Angeline Khoo and Lim Kang Min explored perspectives of student teachers and stereotypes of various ethnic groups. A large number of headmasters and teachers ignored cultural diversity. Consequently, if these student teachers are to be a force for cross-ethnic interactions in the future, it is necessary to reveal an implicit bias in each individual.
S. Gopinathan et al. viewed educational policies on language and diversity management and found that it was essential to revise the bilingual policy because language was more important than language skills. It is to establish cross-cultural awareness. Therefore, providing an opportunity to select languages to study is as important as developing a language curriculum to increase cross-cultural knowledge and skills.
The third group: Organizational workers, mass media, and contemporary foreign migrant movements
Social welfare: Lai Ah Eng and Rosaleen Ow talked about ethnic-free social development organizations, e.g., family service centers, which are different from ethnic-bound social development organizations. From a survey, the authors found that social welfare workers are open and tolerant to cultural diversity more than cultural understanding. However, in daily-life work, they learn from colleagues and their work paves the way for them to develop their knowledge and abilities. The article indicates that ethnic-bound social development organizations are more open in order to have workers with diverse backgrounds.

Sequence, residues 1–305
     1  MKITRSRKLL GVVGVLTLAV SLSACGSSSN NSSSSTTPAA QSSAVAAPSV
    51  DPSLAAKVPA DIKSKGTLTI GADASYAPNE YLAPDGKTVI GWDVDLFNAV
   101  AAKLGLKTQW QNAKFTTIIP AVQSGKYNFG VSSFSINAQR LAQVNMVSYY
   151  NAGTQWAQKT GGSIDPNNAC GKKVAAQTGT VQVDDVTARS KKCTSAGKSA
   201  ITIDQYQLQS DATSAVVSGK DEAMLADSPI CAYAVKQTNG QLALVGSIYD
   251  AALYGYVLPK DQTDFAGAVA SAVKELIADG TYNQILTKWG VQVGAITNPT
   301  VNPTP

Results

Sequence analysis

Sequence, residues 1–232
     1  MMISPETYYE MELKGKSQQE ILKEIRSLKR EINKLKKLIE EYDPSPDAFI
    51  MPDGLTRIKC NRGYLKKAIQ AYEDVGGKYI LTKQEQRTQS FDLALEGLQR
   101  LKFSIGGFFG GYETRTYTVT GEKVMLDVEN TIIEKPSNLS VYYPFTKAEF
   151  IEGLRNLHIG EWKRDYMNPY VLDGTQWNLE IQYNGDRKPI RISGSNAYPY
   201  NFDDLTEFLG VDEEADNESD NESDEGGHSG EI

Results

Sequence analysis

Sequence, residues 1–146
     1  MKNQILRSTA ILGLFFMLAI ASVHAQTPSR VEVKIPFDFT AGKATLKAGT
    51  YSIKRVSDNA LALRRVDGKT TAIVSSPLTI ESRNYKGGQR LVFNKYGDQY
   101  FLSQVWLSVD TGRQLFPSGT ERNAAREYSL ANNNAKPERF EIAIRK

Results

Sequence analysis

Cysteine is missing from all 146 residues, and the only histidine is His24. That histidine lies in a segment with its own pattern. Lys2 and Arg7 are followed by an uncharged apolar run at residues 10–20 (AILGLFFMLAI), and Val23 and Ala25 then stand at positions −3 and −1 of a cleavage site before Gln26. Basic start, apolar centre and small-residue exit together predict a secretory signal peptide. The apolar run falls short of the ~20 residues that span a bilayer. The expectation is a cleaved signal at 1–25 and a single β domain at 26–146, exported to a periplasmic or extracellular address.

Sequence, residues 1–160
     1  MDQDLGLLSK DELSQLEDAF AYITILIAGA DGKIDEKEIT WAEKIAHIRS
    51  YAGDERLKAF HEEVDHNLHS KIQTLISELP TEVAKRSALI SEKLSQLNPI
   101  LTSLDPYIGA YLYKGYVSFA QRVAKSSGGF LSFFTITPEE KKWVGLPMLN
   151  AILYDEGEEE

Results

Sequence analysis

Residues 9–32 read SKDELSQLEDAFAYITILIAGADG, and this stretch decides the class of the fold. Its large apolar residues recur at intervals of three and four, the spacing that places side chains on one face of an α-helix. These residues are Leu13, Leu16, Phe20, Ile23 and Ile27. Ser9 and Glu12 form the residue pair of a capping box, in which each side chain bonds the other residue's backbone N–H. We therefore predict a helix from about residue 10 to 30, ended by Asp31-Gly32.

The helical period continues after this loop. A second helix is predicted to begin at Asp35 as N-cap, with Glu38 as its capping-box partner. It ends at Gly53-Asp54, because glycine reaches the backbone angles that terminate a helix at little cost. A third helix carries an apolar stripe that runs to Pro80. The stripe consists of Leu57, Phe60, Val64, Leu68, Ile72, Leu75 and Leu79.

Mass media content analysis: Kenneth Paul Tan pointed out ethnic stereotypes in movies and television. For instance, Western-educated Chinese characters overlook Mandarin and Chinese culture, but focus on socialization. However, Chinese characters with Chinese education usually use “Singlish” or English mixed with local Malay and Chinese. They focus on being Chinese, making money, being rude, believing in superstition, and dividing according to local dialects. Ethnic stereotype is a complicated area. Negative stereotype is difficult to eliminate from society. The solution is to create positive stereotype for a better social change.
Community and the feeling of being a part of Singaporean society: Brenda Yeoh and Shirlena Huang questioned about foreign talents and social bond. They questioned about communities of foreigners in the labor market by conducting a survey on adaptation levels of foreign and local workers. This survey stemmed from the controversy about the influx of talented and highly skilled foreign workers regarding the issues of unfair competition and “alienated” value in the social network. In reality, the more diverse foreign workers are, the more complicated image of ethnic pluralism than the C-M-I-O ethnic model will become. This leads to the questioning of the model. 

Text Analyst Chewasit Boonyakiet Date of Report Sep 17, 2020
TAG Ethnicity, Ethnic Relations, Singapore citizens, Multiculturalism, Multiracial Relations, Translator -